The Des Moines, Iowa, company said it would now focus on its national media group, which includes magazines such as People and Better Homes & Gardens.
In addition, Meredith's premium digital network reaches more than 150 million consumers each month.
In the transaction, the national media group will be spun out to shareholders as a stand-alone publicly traded company retaining the Meredith name, the company said.
For each of their shares, Meredith holders will receive $14.50 cash and 1-for-1 share equity in post-closing Meredith, the company said.
Meredith’s 17 local stations account for 27% of the company’s revenue. They include Fox and CBS affiliates in cities such as Atlanta, Las Vegas and Portland, Ore.
Meredith recently traded at $32.71, up 5.2%. The have traded on Monday up as much as 15% at $35.65. They'd set a 52-week high $37.50 on March 12. And the stock has more than doubled (up 178%) over the past six months.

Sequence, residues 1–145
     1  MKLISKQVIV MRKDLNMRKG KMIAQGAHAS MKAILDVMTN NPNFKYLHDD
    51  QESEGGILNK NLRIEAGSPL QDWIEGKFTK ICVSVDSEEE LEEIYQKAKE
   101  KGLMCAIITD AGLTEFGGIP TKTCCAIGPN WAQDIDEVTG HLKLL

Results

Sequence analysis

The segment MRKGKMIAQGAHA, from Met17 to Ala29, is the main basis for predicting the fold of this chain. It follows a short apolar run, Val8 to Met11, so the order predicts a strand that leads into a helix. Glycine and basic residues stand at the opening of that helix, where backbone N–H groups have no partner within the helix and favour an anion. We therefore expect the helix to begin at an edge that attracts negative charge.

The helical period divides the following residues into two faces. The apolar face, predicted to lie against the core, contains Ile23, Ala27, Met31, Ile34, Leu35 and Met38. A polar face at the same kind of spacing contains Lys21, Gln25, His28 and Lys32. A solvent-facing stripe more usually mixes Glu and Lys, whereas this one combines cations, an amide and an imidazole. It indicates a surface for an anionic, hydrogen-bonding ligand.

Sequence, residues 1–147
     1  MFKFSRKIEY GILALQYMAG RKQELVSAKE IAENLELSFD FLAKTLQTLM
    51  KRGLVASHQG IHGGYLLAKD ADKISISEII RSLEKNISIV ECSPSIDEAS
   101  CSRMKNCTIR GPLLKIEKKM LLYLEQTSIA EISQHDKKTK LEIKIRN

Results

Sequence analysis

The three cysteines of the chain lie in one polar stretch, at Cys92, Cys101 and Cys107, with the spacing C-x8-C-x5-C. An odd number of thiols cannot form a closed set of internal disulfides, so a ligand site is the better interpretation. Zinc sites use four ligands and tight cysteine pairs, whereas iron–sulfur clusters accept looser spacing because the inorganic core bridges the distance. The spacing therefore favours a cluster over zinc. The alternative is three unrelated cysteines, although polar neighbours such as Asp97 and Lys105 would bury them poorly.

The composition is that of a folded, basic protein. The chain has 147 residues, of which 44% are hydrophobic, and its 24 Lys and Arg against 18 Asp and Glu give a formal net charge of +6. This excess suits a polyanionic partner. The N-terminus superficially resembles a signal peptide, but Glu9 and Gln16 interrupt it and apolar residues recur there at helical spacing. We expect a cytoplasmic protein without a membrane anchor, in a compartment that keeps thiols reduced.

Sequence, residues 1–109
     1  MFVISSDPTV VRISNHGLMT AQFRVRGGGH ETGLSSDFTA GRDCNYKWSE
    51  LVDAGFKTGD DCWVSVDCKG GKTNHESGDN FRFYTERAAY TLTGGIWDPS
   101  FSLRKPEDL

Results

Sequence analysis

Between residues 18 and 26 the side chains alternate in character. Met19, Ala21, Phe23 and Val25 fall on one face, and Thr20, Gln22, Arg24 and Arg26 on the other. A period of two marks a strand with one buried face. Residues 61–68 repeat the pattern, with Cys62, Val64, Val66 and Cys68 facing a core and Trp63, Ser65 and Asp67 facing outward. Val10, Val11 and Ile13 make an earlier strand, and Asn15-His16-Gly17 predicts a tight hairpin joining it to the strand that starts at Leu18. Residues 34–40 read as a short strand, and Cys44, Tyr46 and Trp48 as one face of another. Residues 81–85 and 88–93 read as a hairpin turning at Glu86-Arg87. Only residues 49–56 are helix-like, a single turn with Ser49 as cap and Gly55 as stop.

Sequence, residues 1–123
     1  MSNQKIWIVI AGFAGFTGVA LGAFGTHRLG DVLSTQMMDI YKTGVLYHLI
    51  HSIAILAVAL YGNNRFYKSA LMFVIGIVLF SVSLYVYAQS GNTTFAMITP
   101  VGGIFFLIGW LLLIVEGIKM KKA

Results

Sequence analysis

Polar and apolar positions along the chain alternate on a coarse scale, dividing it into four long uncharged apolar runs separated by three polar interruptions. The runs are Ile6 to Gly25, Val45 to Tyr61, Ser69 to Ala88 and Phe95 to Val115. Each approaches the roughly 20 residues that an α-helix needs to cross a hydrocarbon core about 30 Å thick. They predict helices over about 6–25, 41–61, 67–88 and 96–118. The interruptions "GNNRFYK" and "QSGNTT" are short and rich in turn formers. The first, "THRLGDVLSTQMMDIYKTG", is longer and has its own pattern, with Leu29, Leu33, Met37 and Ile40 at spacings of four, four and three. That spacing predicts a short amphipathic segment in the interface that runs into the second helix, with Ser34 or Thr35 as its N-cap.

Gray traded at $20.48, up 0.8%. It has jumped 56% in the past six months amid strong consumer demand for video content during the pandemic.
In other TV news, last week, Roku ROKU withdrew Alphabet’s GOOGL YouTube TV from its channel store after the two companies were unable to reach a distribution accord.
It’s unusual for streaming platforms to remove major channels from their portfolios, though it’s a regular occurrence in spats between pay-TV providers and linear TV networks.
Also last week, Discovery reported first-quarter earnings that missed analyst estimates.
The company registered net income of 21 cents a share, compared with the FactSet analyst-consensus estimate of 33 cents.